While depression and stigma are associated with self-destruction in this country today, suicide has been an accepted, if eccentric, form of behavior in other places and other eras.
Jn the third century before Christ, Zeno, founder of the Stoic school of philosophy, took his own life when he fell and injured his finger. He was eighty-eight. An English squire of the early nineteenth century killed himself to avoid the bother of getting dressed in the morning, while a French dandy at the court of Louis XVI slit his throat in a fit of pique after his valet nicked his face shaving him.
Waves of suicide have swept over Europe, such as the Dancing Sickness of the fourteenth century, in which thousands of people danced themselves to death. Whole villages in Russia w'ere wiped out in the seventeenth century w hen it was believed by a certain religious sect that the Antichrist was coming. Men. women and children hurled themselves onto pyres or bricked themselves up into their houses to perish. In the fourth century, members of a sect called the Circumcellions killed themselves by the hundreds in the belief that this would ensure their immediate salvation.
The Christian Church took no official stand on suicide until the fifth century, when St. Augustine became alarmed at the number of Christians taking the shortcut to glory. Since life on earth was regarded as a brief interval before the true and eternal life, and since sin was the thing Christians were supposed to avoid, many of the faithful removed both the temptation to sin and themselves at the same time.
The Church w'as losing souls right and left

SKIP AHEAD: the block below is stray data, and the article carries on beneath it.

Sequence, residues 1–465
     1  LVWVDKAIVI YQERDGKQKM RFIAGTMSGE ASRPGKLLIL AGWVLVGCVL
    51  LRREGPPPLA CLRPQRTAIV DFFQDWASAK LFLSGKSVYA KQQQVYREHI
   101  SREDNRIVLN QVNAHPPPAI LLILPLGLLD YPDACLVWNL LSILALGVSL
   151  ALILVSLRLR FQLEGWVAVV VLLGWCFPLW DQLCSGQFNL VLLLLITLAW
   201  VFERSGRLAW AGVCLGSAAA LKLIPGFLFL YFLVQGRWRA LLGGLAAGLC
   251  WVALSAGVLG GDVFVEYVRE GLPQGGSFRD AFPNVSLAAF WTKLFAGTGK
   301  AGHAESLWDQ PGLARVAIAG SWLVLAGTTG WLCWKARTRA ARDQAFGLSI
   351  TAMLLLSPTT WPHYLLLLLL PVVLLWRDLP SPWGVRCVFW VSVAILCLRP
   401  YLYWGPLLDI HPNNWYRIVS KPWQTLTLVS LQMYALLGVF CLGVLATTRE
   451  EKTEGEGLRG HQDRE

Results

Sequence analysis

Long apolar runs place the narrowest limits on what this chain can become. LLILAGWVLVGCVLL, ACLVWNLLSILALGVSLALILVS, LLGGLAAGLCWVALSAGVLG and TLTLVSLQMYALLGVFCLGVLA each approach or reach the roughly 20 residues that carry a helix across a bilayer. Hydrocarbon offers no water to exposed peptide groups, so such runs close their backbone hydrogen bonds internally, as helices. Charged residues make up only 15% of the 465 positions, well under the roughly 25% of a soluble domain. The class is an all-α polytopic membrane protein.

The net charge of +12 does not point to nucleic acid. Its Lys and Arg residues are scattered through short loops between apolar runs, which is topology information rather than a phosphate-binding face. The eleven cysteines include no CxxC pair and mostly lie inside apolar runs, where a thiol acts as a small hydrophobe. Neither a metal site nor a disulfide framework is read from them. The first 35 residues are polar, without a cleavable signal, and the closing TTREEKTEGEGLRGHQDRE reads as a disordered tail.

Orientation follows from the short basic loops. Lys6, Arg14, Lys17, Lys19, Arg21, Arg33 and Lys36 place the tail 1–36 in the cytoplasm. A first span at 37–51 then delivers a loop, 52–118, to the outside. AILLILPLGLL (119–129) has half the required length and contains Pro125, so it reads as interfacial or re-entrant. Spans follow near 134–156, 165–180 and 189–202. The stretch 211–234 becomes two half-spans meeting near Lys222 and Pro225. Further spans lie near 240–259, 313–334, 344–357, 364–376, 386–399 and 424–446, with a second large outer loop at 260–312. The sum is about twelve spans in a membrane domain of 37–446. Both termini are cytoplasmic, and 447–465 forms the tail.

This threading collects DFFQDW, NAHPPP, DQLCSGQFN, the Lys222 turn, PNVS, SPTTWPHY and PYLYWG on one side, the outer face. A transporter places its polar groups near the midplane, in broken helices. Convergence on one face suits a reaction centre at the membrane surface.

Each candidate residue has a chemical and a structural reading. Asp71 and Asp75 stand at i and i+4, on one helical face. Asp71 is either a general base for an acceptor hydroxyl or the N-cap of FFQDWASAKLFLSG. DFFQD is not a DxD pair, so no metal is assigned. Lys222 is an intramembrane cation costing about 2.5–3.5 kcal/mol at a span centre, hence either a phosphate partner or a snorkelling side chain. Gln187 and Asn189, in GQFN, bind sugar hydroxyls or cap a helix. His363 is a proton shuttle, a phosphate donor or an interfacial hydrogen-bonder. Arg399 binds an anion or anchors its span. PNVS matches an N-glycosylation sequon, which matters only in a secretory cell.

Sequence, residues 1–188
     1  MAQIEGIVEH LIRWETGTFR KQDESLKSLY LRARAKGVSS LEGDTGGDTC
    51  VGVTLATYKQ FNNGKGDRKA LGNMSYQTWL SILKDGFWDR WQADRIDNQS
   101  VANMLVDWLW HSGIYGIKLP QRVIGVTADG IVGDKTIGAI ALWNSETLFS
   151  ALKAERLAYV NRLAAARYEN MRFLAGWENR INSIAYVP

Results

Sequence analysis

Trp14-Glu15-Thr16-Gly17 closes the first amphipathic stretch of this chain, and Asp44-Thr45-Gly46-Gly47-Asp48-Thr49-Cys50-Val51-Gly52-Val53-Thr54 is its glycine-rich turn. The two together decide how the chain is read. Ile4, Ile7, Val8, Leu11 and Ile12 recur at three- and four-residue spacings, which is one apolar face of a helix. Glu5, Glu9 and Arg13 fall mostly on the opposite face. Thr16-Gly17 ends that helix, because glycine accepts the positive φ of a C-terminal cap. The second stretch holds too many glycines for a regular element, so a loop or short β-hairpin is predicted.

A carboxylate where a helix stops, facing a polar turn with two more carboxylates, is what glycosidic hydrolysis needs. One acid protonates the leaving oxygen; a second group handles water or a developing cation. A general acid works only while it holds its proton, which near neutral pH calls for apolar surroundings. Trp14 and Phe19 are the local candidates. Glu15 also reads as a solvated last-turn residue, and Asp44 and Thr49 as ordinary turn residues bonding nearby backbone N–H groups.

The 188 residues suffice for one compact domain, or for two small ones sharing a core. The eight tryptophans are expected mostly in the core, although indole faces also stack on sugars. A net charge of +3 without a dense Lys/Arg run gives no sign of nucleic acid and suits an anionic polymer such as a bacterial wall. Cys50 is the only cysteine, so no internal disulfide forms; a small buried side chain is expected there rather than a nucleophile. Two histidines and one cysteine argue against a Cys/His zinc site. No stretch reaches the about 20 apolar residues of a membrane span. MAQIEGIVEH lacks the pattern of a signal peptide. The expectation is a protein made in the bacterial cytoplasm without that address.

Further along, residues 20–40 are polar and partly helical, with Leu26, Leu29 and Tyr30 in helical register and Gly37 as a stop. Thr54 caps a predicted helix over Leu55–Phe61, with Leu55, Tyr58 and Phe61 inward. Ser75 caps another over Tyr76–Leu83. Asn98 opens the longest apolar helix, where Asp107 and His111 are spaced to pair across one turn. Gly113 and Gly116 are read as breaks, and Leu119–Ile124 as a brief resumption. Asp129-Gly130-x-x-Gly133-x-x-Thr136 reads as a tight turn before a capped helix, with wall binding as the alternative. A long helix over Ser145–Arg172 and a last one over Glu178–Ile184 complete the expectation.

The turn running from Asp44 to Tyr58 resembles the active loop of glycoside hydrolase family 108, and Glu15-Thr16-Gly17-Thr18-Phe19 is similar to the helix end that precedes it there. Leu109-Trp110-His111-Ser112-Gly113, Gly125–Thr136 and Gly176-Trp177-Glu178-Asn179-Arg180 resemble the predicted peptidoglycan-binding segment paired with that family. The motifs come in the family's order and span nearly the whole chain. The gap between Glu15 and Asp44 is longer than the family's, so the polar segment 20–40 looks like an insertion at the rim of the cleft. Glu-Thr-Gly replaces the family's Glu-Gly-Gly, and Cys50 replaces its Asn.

— or, at any rate, live bodies — and suicide was therefore declared a sin. Christian burial was denied to the suicide, and the body could not be placed in consecrated ground.
This denial of rites is a carryover into Christianity of the pagan horror of suicide. Mankind has always had a terror of the bodies of people who have met death violently, either by murder or suicide. It was felt that the spirit of such a corpse would be especially vengeful, and elaborate precautions were taken to make sure it would not be able to return.
Dismemberment — and burial of the parts in different places — was considered elfective
magic in Africa, while in ancient Athens the right hand of a suicide was cut off and buried apart from the rest of the body, in the belief that a one-handed ghost couldn’t do much damage. In Ireland, funeral processions of suicides used to go to the burial grounds by one route and return by another, to outwit any spirits who might try to return home, and at Metz during the Middle Ages the body of a suicide would be put in a barrel and thrown into the Moselle River, to float downstream and do its haunting elsewhere. In many parts of Europe bodies of suicides were taken out not through the door of a house but through an opening cut especially for that purpose and immediately afterward sealed so the ghost could not re-enter.